Christopher Nolan's "Dunkirk" Could Make it Big in 2017

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Christopher Nolan is one of the highest-grossing film directors in history. Robert Gauthier/Los Angeles Times/Getty

The fevered anticipation that surrounds any new Christopher Nolan movie—the secrecy! the leaks!—is almost as delicious as watching a new Christopher Nolan movie. In late 2015, reports began to surface that he and his brother Jonathan had been spotted scouting locations in northern France for a film based on Operation Dynamo, the British military effort that saved the lives of 330,000 Allied soldiers who were evacuated from the French town of Dunkirk, an event that Winston Churchill later called a "miracle of deliverance."

Slowly, news leaked of a cast that included Tom Hardy, Cillian Murphy, Kenneth Branagh, Mark Rylance and One Direction member Harry Styles. Then came reports that Nolan was filming on a real-life naval ship, a French T47 class destroyer brought in from Brittany, and had spent $5 million buying a German plane solely in order to crash it.

If the movies are, as Orson Welles once said, the "biggest electric train set any boy ever had," then Nolan is standing in the middle of it, wearing the driver's hat. The 46-year-old director is at roughly the same high point in his career as Stephen Spielberg when he made Schindler's List and James Cameron when he made Titanic. Dunkirk marks the first foray into the historical record from a filmmaker whose unbroken string of hits, from Memento to Inception, via The Dark Knight, have turned him into his own blockbuster brand with a devoted fan following—and a history of paying the price for it at the Oscars. After Inception was shut out in 2011, such was the online furor that the next year the academy widened its best picture net to include a possible 10 movies, in the hopes of catching the odd blockbuster hit. Dunkirk could well be 2017's big fish.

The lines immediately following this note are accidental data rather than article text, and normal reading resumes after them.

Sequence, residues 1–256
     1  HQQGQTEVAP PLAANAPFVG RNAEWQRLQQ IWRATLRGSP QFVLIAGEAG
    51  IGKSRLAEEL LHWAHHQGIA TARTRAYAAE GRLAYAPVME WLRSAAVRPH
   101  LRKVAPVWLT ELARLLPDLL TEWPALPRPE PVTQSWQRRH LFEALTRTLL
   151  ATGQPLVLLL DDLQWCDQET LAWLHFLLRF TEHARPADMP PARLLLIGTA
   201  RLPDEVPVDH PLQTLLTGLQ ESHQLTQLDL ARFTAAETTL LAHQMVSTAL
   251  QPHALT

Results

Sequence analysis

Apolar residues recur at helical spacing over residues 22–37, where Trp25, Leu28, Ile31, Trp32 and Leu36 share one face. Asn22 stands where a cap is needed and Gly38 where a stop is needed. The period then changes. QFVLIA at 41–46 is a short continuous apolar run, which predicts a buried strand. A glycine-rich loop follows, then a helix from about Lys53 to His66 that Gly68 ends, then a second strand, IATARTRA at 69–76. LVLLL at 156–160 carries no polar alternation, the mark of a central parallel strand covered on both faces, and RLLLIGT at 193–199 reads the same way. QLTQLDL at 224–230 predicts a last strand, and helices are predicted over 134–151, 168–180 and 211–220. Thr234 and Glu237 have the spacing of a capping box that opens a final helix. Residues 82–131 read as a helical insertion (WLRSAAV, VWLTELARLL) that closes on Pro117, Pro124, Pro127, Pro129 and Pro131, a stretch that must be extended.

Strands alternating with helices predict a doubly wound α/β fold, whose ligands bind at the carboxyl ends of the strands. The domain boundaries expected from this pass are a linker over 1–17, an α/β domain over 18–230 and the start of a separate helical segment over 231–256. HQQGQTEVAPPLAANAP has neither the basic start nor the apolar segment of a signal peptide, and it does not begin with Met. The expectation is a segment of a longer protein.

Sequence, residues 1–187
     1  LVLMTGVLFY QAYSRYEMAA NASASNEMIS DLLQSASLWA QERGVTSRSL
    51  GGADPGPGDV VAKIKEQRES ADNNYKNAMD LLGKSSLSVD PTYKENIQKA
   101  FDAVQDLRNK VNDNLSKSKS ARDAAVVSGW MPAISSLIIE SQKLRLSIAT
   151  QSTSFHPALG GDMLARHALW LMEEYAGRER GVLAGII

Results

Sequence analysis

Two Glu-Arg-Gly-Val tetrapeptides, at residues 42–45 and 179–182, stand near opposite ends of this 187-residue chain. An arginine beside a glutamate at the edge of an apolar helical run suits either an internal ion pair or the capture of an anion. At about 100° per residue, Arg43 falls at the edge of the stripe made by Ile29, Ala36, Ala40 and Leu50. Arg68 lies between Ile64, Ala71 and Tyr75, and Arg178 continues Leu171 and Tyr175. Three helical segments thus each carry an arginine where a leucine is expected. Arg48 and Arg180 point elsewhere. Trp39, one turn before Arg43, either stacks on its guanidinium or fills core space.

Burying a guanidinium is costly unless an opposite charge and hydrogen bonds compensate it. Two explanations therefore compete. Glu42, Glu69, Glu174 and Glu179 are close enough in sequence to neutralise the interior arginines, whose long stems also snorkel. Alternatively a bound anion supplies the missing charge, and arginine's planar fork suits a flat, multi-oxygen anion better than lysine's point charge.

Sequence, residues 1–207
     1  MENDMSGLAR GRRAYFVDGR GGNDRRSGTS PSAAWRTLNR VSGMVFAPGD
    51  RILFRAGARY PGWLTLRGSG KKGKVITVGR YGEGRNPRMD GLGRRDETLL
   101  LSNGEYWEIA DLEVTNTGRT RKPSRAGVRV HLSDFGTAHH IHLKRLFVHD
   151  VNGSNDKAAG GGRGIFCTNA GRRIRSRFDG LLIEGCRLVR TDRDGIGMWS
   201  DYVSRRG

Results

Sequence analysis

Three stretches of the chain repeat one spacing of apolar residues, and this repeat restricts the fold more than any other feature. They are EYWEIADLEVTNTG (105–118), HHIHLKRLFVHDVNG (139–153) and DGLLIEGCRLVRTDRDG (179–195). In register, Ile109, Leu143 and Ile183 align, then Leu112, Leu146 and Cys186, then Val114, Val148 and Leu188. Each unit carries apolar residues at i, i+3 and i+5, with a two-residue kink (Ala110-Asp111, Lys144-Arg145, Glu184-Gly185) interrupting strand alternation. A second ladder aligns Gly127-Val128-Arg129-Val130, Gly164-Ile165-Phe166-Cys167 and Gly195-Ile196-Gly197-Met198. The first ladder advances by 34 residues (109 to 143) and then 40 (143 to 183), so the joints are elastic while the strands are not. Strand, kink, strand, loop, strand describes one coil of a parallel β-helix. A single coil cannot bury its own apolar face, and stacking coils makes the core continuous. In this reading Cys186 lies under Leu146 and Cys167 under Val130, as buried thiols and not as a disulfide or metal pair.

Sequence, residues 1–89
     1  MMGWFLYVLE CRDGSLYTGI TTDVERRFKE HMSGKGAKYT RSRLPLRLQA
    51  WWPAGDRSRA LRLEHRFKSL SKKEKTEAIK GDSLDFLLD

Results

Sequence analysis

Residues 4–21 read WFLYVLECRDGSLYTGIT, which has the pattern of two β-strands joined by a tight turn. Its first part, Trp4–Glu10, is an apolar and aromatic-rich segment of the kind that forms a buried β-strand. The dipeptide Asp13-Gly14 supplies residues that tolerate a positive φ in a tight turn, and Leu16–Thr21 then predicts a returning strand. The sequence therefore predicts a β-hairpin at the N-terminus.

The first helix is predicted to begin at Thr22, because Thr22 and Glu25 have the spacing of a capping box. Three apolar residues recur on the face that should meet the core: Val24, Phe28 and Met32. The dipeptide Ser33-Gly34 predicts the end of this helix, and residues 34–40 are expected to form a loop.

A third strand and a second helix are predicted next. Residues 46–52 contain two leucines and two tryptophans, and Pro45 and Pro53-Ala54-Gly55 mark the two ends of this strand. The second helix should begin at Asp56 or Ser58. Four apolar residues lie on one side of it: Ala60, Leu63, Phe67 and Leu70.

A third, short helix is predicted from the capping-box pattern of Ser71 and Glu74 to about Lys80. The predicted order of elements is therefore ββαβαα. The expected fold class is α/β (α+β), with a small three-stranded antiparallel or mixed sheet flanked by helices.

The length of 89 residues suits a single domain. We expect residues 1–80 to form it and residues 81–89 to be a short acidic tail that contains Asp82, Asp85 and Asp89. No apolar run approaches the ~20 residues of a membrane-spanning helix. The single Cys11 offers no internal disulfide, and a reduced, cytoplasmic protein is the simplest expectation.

Yet despite earning a reported $20 million salary for the film, along with a 20 percent take of the profits, the director is shouldering a certain amount of risk. Can he wring box-office success from a historical rout?

To judge by an early trailer, if anyone can, it's Nolan. It starts with the sound of a ticking clock and a shot of a wave foaming up a beach. The ticking gets faster; troops appear, first as distant specks on the horizon, then crowded onto a stone harbor wall. The ticking gets faster. The whining sound of a bomber overhead draws the men's gazes up, one by one, as the sound of the bomber's engines gets louder and louder. Panic spreads across their faces. Cut! Nolan's trademark solemnity and love of vast, monolithic production design have found the perfect subject.

Dunkirk begins its worldwide release June 19;